Renovating? Ronnie and Georgia help you reno like a pro

20 March 2024

"From budgeting for the worst-case scenario to subdividing and what to do if you find asbestos, Georgia shares their exclusive tips with for renovating like a professional."

We’ve watched Ronnie and Georgia tackle room transformations in a week on The Block, but when you’re doing it for yourself it can be a whole different ballgame.

Ronnie and Georgia’s 16th renovation project was a 12-month labour of love, and the results speak for themselves. In less than two weeks since their Embleton property flip went up for sale, the couple had 120 inspections and multiple offers, one of which they have accepted.  Georgia said they are incredibly proud of how the Palm Springs-inspired renovation turned out and the interest from potential buyers.

From budgeting for the worst-case scenario to subdividing and what to do if you find asbestos, Georgia shares their exclusive tips with for renovating like a professional.

Where to start?

Before you even think of starting a renovation project, carefully consider your goals and priorities. Are you looking to improve the functionality of a space, update its aesthetic appeal, or increase its resale value?

Start by creating a detailed plan that outlines the scope of the project, including the specific changes you want to make and the timeline for completion. Be sure to budget for the worst case scenario, then it’s an added bonus when you come in under budget and before schedule. 

If you've got good bones to work with initially, you're already ahead of the curve. If you can start with a good floorplan and avoid moving any internal walls, you can potentially save yourself a lot of money.

When renovating bathrooms and kitchens, consider ways to save money without compromising on quality. For example, you might choose to refinish existing cabinetry rather than replacing it or keep existing services (eg. water pipes) where they are instead of moving them.

If you're renovating with the intention of selling, focus on making improvements that will appeal to a broad range of buyers. This might include replacing outdated fixtures, maximising storage space, and creating a cohesive, modern look throughout the home.

Consider installing skylights (or “Ron-lux” in our case) to bring more natural light into your home. Skylights can make rooms feel brighter and more spacious, creating a positive impression on potential buyers.

How do I know if a property has potential for sub-division?

When looking for a property to sub-divide, there are many factors to consider. The interactive maps on allow you to see exactly which Zoning R-Code your property falls under, providing the planning and design provisions for the block. The maps also show if there are any planned changes to roads you need to allow access for, which might affect the way you divide the land.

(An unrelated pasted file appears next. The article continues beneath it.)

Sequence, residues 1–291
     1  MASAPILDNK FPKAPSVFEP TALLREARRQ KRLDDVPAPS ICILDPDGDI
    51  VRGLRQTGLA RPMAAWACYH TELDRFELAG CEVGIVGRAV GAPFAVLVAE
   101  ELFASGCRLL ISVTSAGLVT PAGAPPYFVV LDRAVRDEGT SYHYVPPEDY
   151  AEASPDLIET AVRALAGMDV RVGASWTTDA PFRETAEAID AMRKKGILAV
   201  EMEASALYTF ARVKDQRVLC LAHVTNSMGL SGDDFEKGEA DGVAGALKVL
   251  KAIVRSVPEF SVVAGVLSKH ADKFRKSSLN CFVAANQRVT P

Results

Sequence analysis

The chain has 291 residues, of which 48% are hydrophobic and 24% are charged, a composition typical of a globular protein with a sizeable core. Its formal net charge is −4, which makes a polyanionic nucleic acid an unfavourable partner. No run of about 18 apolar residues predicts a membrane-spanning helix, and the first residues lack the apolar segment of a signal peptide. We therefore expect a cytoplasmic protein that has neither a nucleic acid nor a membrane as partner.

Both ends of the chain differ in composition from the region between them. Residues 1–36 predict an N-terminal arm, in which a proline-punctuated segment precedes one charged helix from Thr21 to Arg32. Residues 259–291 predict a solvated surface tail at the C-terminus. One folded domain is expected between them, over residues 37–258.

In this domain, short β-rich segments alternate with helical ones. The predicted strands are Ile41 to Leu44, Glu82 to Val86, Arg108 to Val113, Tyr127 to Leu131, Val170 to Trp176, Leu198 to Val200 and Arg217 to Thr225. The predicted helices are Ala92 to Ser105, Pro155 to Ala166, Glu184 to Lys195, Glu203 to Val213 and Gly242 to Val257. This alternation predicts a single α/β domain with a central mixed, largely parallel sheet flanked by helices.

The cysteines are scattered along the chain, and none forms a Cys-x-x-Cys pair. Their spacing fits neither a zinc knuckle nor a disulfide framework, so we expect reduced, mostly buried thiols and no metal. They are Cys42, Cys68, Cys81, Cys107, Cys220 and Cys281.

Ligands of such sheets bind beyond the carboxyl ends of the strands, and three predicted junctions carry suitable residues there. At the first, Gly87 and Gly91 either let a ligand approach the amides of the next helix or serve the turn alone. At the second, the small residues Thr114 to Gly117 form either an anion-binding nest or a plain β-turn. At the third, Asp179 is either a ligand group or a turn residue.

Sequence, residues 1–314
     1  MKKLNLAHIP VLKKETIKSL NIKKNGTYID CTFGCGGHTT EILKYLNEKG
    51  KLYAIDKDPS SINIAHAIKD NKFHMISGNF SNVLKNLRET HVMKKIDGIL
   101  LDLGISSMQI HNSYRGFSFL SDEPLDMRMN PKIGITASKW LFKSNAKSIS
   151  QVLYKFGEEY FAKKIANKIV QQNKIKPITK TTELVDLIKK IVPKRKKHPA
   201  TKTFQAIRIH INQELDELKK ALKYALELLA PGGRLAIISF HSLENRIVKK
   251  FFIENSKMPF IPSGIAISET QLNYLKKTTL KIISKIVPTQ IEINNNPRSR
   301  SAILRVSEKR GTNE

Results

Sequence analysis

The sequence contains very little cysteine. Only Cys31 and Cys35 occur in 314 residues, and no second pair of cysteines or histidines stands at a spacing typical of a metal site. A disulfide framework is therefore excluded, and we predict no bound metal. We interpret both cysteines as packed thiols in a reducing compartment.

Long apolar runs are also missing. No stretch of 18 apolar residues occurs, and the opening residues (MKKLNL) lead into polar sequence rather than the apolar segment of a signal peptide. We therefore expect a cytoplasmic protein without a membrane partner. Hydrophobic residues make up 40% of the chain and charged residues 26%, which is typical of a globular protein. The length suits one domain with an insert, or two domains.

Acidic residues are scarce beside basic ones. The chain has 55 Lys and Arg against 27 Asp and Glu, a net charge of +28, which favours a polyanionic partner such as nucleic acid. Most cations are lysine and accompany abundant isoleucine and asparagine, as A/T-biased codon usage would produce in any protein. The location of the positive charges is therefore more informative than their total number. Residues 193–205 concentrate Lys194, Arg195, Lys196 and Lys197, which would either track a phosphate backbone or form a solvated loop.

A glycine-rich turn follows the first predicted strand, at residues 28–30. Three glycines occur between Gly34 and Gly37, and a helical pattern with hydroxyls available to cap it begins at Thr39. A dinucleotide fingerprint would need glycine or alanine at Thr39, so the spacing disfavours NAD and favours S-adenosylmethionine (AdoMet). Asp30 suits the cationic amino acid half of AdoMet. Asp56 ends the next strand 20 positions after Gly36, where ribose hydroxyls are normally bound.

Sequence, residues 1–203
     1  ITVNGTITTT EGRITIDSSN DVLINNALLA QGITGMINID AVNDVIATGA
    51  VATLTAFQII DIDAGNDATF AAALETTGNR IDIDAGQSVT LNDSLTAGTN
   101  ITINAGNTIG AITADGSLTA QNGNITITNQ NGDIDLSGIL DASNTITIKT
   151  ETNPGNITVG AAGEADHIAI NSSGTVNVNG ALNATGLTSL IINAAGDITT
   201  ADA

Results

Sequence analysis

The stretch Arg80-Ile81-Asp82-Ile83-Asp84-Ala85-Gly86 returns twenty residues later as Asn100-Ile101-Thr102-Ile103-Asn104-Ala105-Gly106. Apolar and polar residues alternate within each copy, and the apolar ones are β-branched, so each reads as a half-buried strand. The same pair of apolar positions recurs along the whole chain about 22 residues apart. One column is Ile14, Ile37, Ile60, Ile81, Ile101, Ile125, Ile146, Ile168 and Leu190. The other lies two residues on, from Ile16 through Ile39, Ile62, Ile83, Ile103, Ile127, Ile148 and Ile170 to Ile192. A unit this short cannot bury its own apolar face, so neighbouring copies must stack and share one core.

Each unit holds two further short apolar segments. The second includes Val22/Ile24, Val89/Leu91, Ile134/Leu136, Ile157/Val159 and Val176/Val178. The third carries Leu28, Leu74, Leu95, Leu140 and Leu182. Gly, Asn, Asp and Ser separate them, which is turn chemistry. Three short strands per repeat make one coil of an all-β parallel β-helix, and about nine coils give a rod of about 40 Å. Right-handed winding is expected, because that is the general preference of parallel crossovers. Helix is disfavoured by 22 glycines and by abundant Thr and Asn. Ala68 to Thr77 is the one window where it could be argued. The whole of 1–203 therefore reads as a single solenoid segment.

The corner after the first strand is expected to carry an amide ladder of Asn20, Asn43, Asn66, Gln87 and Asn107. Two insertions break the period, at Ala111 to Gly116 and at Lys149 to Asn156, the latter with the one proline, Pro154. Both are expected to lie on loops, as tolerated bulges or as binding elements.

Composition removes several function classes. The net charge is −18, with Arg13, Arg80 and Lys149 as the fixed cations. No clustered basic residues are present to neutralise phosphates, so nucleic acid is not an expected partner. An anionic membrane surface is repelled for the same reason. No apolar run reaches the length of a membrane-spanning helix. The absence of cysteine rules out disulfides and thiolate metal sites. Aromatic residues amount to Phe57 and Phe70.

When looking at the block, are there obstacles in the way of the sub-division? It could be as simple as a shed and paving, or more complicated like underground pipes, so it’s important to consider the costs of clearing the land to prepare for development of a second property.

The process of subdividing takes about six to eight months so it’s important to get the paperwork underway straight away. Using a local conveyancer can make the process super simple, saving time and money.

What should I do if I find asbestos or other ‘skeletons’ in the closet of the property?

If you run into any unexpected surprises such as asbestos, it can be worth calling in the big guns. A professional will know how to handle the situation safely and can actually save you money. 

You may not need to replace the entire roof if you find some asbestos, but a professional will know what’s best for each situation. Instead of jumping to panic stations, call in a second Ron-Dog (two of them!) for reinforcements.

What are the differences between renovating to sell vs renovating to live?

When renovating to sell, the goal is to make the home as appealing as possible to potential buyers. This often means making design choices that are neutral and timeless, rather than personal or trendy.

Renovating to sell involves strategic budgeting and prioritisation of projects that offer the highest return on investment. This might mean focusing on cosmetic updates that can significantly increase the perceived value of the property to potential buyers, such as painting the exterior.

In contrast, when renovating for your own enjoyment, you have the freedom to express your personal style and preferences based on your lifestyle and use of the property. You can choose colours, finishes, and fixtures that reflect your taste and create a space that feels uniquely yours, without worrying about whether they suit other people’s tastes and lifestyles.

In both cases, considering the long-term maintenance and durability of materials is essential for making informed choices. Opting for high-quality, low-maintenance flooring, for example, can save you time and money on repairs and replacements in the future.

However, even when renovating for yourself, it's important to consider the potential resale value of your home. You may want to avoid overly personalised or niche design choices that may limit the appeal of your home to future buyers, unless you’re prepared to invest in refurbishment or renovation again in future if you ever want to sell.

Instead, focus on creating a space that is both functional and beautiful, and that will stand the test of time.

And finally – don’t forget that even in a hot market, presentation is essential to attracting potential buyers and generating competition for your property – see Ronnie and Georgia’s expert tips for styling a property for sale.

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